THE VERY FACT that while the citizenship cut-off year for the entire country is the 1951 Census, another two decades were allowed for Assam under the NRC, making March 24th, 1971 as the cut-off date. It demonstrates that migrants, whether legal or illegal, were given two decades of grace time. That itself proves that the exercise is not directed against any community or religious group.

No country allows illegal migrants on its soil. The US, with enormous resources at its disposal, is building a fence along its border with Mexico to stop infiltrators. Even a Muslim country like Saudi Arabia regularly deports thousands of illegal migrants from fellow Muslim countries like Pakistan and Bangladesh. Interestingly, Bangladesh itself is facing a major problem of Rohingya infiltration these days. Over a million Rohingya have illegally crossed into Bangladesh and a majority of them are residing in relief camps supported by many countries including India. Bangladesh’s foreign ministry is in talks with the Myanmar government for the repatriation of Rohingyas. In fact, a team of officials from Bangladesh had recently visited villages in Rakhine province of Myanmar to oversee arrangements for repatriation.

In India, any effort even to identify infiltrators meets with political resistance. Undaunted, the Modi Government is going ahead with the NRC process and also with the process of identifying Rohingya infiltrators from Myanmar in various Indian cities for deportation.

The NRC is yet to cross several bridges. What was released was only a draft register. The Government shall ensure that no genuine citizen is denied his or her rights. Standard operating procedures are in place to ensure that people who migrated from any other part of the country are automatically included in the register. For the remaining, ample time has been given for complaints and corrections. People missed out in the draft NRC can go back with their renewed claims. They will be thoroughly verified and the final NRC will be notified only after that.

Once the final NRC is notified, those who don’t find their names in that shall technically become foreigners. Even then, they will have the option of approaching Foreigners Tribunals functioning in Assam for redressal. There are 100 such tribunals already functioning there, and the Union Home Ministry is contemplating increasing their number manifold based on the final figures. Failing to prove citizenship before the tribunals is also not going to be the end of the road. Such foreigners can approach the high court. Such a long rope is being given only to ensure that no genuine Indian citizen is denied his right to be included in the NRC.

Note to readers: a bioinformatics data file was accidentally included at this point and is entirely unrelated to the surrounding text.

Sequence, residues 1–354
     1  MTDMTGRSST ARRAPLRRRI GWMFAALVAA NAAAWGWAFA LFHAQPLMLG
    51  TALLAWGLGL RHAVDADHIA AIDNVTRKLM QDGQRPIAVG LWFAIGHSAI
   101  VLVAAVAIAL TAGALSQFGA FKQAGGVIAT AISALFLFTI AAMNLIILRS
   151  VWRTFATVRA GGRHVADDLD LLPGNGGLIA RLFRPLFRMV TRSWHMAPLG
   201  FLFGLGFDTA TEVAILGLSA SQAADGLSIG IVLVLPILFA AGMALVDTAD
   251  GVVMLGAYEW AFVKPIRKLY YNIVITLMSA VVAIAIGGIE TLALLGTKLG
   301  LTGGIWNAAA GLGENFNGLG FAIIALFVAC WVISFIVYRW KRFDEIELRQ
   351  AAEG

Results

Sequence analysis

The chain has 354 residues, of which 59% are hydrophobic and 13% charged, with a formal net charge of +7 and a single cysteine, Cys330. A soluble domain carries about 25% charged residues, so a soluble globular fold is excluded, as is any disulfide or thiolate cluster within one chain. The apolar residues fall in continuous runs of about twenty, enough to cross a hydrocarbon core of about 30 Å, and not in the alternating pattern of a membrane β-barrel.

The Government is faced with the challenge of those who come to India as refugees due to persecution or general hardships of the minorities in Pakistan (including Bangladesh), Afghanistan etcetera. This challenge was faced during the first NRC in 1950 itself. Prime Minister Jawaharlal Nehru was categorical that India is duty-bound to accept those refugees. While drafting the Immigration (Expulsion from Assam) Act, 1950, which formed the basis for the NRC, Nehru made sure that the plight of the minorities from the erstwhile East Pakistan was taken into account. The Act had explicitly said that it would NOT apply ‘to any person who on account of civil disturbances or the fear of such disturbances in any area now forming part of Pakistan has been displaced from or left his place of residence in such area and who has subsequently been residing in Assam’. This was how a distinction was sought to be made between economic-political migration and migration of the persecuted minorities. This distinction forms the basis for the proposed Citizenship Amendment Bill 2015 of the Government of India, which applies to the entire country.

The NRC has been a major commitment of the BJP and its ideological parivar for many decades. Finally, the first decisive actions were initiated by the Modi Government to fulfil this commitment. Ensuring security of the country, and securing economic, political and cultural rights of the people of Assam are the main objectives behind this path-breaking exercise.

(The article was originally published in the OPEN Magazine on September 14, 2018. Views expressed are personal)

Published by Ram Madhav

Member, Board of Governors, India Foundation